ioo H. Ling Roth.aNatives of Sarawak and Brit. N. Borneo.
again with the acrid sap of a forest tree. The designs employed are not numerous, although four are in common use. The practice is simple, but requires practice like most things. The design is first carved on wood in
Kayan Tatu Pricker (3 points). (Brooke Low Coll.)
Kyan Woman's Tatu Case, Bunga nulang. (Brooke Low Coll.)
Brass Tatu Needles.
The lower one has the point tied round with thread to regulate the depth of penetration. S.E. Borneo. (Leiden Mus.)
Tatu Powder Dish of Bambu. J real size. S.E. Borneo. (Leiden Mus.)
Tatu Mallet. S.E. Borneo. (Leiden Mus.)
Tatu Soot Holder.- S.E. Borneo. (Leiden Mus.)
relievo ; it is then smeared with the sooty preparation and printed on the skin. The figure is then punctured in outline with a set of needles dipped in the ink (for such it is), and afterwards filled up in detail. More ink is poured on to the skin and allowed to dry into it. Rice is smeared over the inflamed surface to keep it cool ; if this is not done, it is apt to gather and fester. The limb operated upon must be kept free from wet, and must not be scratched however much it may itch. The operator of course requires to be remunerated, but as he is not a professional he is satisfied with a moderate guerdon. Among the Lugats there was a certain Aman Jerin who was partially but beautifully tatooed in patterns of a bright blue tint." (Brooke Low.)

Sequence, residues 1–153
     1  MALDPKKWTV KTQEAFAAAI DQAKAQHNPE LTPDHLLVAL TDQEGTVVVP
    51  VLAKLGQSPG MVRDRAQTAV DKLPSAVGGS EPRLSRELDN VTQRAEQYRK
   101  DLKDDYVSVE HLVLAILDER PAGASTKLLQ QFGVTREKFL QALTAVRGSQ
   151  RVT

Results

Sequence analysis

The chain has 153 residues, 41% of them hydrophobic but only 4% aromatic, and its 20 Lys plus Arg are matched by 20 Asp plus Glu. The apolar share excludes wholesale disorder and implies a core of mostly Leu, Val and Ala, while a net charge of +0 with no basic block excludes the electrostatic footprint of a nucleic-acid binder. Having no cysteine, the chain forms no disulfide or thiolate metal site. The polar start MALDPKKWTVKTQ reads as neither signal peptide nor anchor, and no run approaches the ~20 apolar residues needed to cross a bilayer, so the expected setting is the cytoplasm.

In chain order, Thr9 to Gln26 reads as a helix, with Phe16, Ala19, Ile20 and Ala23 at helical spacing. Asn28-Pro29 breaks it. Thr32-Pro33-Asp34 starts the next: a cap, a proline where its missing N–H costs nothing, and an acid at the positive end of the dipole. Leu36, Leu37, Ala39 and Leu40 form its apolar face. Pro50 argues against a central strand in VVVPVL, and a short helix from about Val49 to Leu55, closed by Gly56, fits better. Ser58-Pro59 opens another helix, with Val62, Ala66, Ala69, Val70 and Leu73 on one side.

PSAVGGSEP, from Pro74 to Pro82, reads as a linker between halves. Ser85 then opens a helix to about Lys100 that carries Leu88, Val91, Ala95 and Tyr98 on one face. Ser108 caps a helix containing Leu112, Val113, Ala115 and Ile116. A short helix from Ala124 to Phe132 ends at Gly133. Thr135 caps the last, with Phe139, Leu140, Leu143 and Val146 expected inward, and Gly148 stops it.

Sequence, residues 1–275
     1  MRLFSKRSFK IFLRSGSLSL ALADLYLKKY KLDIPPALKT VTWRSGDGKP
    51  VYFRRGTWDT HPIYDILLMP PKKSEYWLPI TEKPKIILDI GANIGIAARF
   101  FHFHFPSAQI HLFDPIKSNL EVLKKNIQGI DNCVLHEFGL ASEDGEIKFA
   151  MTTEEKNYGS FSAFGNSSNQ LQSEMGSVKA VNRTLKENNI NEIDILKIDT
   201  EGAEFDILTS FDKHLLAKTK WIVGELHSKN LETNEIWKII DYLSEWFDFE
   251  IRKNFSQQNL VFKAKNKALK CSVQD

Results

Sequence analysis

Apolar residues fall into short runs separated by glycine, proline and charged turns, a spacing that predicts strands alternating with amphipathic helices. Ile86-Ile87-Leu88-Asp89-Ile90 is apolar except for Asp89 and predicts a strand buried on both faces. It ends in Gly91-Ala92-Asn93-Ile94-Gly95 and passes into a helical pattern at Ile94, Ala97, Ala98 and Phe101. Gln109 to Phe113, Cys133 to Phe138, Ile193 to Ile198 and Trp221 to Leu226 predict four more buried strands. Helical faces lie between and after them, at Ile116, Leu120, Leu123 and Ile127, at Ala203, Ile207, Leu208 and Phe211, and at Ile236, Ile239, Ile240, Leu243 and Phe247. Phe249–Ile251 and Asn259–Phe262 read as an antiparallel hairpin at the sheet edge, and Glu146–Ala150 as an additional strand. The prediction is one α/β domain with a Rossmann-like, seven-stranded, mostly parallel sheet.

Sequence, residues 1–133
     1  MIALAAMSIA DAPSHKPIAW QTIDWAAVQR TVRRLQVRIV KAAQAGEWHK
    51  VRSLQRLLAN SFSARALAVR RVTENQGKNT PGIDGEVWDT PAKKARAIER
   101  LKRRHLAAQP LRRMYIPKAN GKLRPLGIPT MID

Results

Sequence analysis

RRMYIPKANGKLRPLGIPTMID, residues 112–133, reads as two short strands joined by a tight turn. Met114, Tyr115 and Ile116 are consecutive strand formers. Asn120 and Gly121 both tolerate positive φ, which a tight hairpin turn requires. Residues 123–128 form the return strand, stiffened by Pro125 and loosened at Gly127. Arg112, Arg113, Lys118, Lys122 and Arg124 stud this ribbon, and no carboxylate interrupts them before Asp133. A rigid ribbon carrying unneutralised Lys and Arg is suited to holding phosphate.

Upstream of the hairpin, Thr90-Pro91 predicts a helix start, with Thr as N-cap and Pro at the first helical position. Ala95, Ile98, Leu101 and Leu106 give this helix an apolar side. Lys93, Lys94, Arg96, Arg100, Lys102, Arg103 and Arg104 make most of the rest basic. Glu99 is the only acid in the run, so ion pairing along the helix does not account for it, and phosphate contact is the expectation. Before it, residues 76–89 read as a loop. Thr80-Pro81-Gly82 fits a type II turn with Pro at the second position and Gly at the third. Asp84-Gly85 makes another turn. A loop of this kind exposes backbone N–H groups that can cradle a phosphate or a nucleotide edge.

" The Kanowit, Bakatan, Lugat, Tanyong, Tatau, Balinian are all more or less tatooed, both male and female. . . . The Bakatan and Lugat are most elaborately tatooed from head to foot." (Burns, Jour. Ind. Arch, i*1-p. 141.)
" The Kyan men and some of the women," according to Bishop McDougall, " are tattooed in the most complicated and grotesque patterns." The Kyan men and some of the women," according to Bishop McDougall, " are tattooed in the most complicated and grotesque patterns.